China denies hand in Kokang conflict

China denies hand in Kokang conflict

The Chinese government has rejected accusations by the Burmese military that it is involved in assisting Kokang rebels or that it allows them to stage operations from Chinese soil.

“China has always upheld a principle of non-interference in internal affairs of other countries, has always respected Myanmar’s sovereignty and territorial integrity,” Chinese Foreign Ministry spokesman Hong Lei told reporters at a regular briefing in Beijing. “[China] would not allow any organisations or individuals to use China’s territory to take actions that damage the China-Myanmar relationship and the stability along the border area of China and Myanmar.”

Hong was speaking after Burmese military spokesmen, at a press conference in Naypyidaw on 21 February, claimed that former soldiers of China’s People’s Liberation Army were fighting alongside and providing logistical support to the Myanmar Nationalities Democratic Alliance Army (MNDAA), a faction of Kokang units loyal to former chairman Peng Jiasheng [also written Pheung Kya-shin], who has lived in exile in China for some five years. Peng Jiasheng is alleged to have returned to the fold by launching surprise attacks on Burmese army positions in and around Laogai [Laukkai] beginning on 9 February.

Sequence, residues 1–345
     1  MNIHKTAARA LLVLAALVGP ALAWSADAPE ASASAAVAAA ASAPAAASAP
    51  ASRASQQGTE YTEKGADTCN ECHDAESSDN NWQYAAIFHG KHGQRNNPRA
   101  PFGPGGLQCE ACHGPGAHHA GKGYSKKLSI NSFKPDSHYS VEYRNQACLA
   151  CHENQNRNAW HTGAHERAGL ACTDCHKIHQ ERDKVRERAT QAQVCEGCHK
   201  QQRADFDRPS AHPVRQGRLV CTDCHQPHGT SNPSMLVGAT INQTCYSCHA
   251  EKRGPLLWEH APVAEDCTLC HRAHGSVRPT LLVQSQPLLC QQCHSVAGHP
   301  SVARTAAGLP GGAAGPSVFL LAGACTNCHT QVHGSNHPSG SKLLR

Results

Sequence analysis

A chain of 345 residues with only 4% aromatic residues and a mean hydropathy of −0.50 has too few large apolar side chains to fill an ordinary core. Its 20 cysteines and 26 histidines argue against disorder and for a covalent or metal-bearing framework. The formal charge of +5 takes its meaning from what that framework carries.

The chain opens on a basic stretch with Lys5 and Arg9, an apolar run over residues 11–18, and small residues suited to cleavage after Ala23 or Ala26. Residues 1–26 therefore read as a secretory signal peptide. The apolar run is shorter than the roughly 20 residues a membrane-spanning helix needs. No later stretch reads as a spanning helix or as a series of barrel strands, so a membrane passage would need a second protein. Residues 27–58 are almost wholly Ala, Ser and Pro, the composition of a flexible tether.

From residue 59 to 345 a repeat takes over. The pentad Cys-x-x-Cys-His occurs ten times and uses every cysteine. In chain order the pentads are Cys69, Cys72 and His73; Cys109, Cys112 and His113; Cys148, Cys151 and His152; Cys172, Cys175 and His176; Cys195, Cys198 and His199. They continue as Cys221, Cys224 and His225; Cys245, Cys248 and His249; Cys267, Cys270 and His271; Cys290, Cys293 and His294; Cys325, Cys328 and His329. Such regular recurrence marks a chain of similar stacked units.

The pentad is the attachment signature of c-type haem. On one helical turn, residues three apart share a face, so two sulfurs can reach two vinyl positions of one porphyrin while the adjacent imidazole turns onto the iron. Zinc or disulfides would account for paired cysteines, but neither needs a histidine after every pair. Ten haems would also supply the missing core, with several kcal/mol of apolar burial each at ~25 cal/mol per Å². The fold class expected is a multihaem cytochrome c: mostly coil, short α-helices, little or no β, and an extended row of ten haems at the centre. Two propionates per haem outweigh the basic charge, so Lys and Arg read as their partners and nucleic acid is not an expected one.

Hong declined to respond to a question about whether Peng had been in China before the latest clashes broke out.

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Speaking on Tuesday to the Global Times, an influential Chinese tabloid published by the state media People’s Daily, Peng Jiasheng also denied the claims that the Kokang rebels were receiving support from China.

“We would not accept Chinese citizens participating in armed action, as this would only be harmful to us,” he said.

China’s Phoenix TV reported on Wednesday that Gen. Fang Fenghui, the PLA’s chief of general staff, had arrived in Yunnan. However it was not clarified whether his visit is connected in any way to the ongoing conflict across the border in the Kokang region of northeastern Shan State.

The MNDAA emerged from the remnants of the Communist Party of Burma, a Chinese-backed guerrilla force that battled the Burmese army before splitting off in 1989.

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